Why Philanthropy Needs the Diversity Fellowship Program

User .Minh Luu
Posted Date : February 14, 2013

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At Proteus Fund we’ve pondered how to address the challenge of increasing the number of professionals of color working in philanthropy, not just to increase the diversity of faces around the table but to expand the life experiences and perspectives that foundation professionals bring to their decisions about funding. The Proteus Diversity Fellowship recruits talented young professionals of color from a variety of fields and life experiences into a rigorous, year-long training program with placements in hosting foundations in Massachusetts.

We understand that fellows cannot on their own bring change to the perspective of their hosts. But with support from the program and by engaging the staff of the host foundations, they can spark conversations that lead to change. We provide a supportive environment for these emerging professionals and their host organizations to see change at both personal and institutional levels. Placing them in the same region means they can meet weekly for training, problem solving, and participation in an extensive curriculum.

This fellowship program works in part because in philanthropy there are no established credentials to indicate professional accomplishment. Often people are recruited from grantee organizations and academia, resulting in an iterative process that brings homogeneity to philanthropy. While the diversity fellowship approach of learning on the job might be somewhat overwhelming to these emerging professionals, they all have landed on their feet because of the program’s support and elaborate curriculum. And because of support for the host foundations, the experience of bringing new perspectives to the work has been positive.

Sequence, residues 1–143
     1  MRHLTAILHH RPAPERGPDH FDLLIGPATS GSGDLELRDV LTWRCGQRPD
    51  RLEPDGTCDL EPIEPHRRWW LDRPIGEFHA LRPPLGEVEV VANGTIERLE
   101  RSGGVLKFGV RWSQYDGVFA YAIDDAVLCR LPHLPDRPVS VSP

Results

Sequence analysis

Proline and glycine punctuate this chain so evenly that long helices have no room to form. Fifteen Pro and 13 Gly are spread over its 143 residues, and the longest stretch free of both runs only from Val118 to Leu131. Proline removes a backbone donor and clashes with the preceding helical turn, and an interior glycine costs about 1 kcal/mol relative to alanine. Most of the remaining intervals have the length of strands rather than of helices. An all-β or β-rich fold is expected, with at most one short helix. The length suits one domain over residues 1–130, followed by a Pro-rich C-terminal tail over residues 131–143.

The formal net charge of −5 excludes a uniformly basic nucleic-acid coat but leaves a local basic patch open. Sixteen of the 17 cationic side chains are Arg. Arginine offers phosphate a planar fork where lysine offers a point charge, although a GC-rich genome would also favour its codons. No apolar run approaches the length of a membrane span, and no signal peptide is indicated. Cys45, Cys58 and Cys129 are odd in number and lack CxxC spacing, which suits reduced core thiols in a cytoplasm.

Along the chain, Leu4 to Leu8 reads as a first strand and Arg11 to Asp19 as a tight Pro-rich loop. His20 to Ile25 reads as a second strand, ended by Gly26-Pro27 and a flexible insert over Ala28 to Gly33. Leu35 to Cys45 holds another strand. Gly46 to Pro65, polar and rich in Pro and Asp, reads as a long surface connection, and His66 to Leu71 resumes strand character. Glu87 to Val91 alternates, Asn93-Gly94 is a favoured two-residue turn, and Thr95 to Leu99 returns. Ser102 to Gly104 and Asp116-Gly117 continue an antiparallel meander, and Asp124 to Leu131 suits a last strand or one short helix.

The fellowship curriculum and the implicit theory of change, practically applied, seek to ensure that institutions will also reflect on what diversity means in real terms, have these internal conversations, and begin the process of organizational change. The end result is that the focus is not just on the fellows themselves. Hosting a fellow is just the beginning of the process.

Our goal is to expand this program into other parts of the country and to engage networks of foundations in creative strategies and programs to bring greater diversity to our field. There is an engaged and passionate network of diversity fellowship alumni who are already beginning to transform their host institutions in interesting ways; ultimately we envision that these alumni will help re-examine structures and biases in place within philanthropy. We imagine future investments to combat structural racism will address areas such as criminal justice, inequitable schools, economic reform, and death penalty work. We hope communities that are most affected by inequality will be empowered to affect change.

To learn more about the Proteus Diversity Fellowship, visit www.proteusfund.org.

Margaret E. Gage is president of the Proteus Fund.

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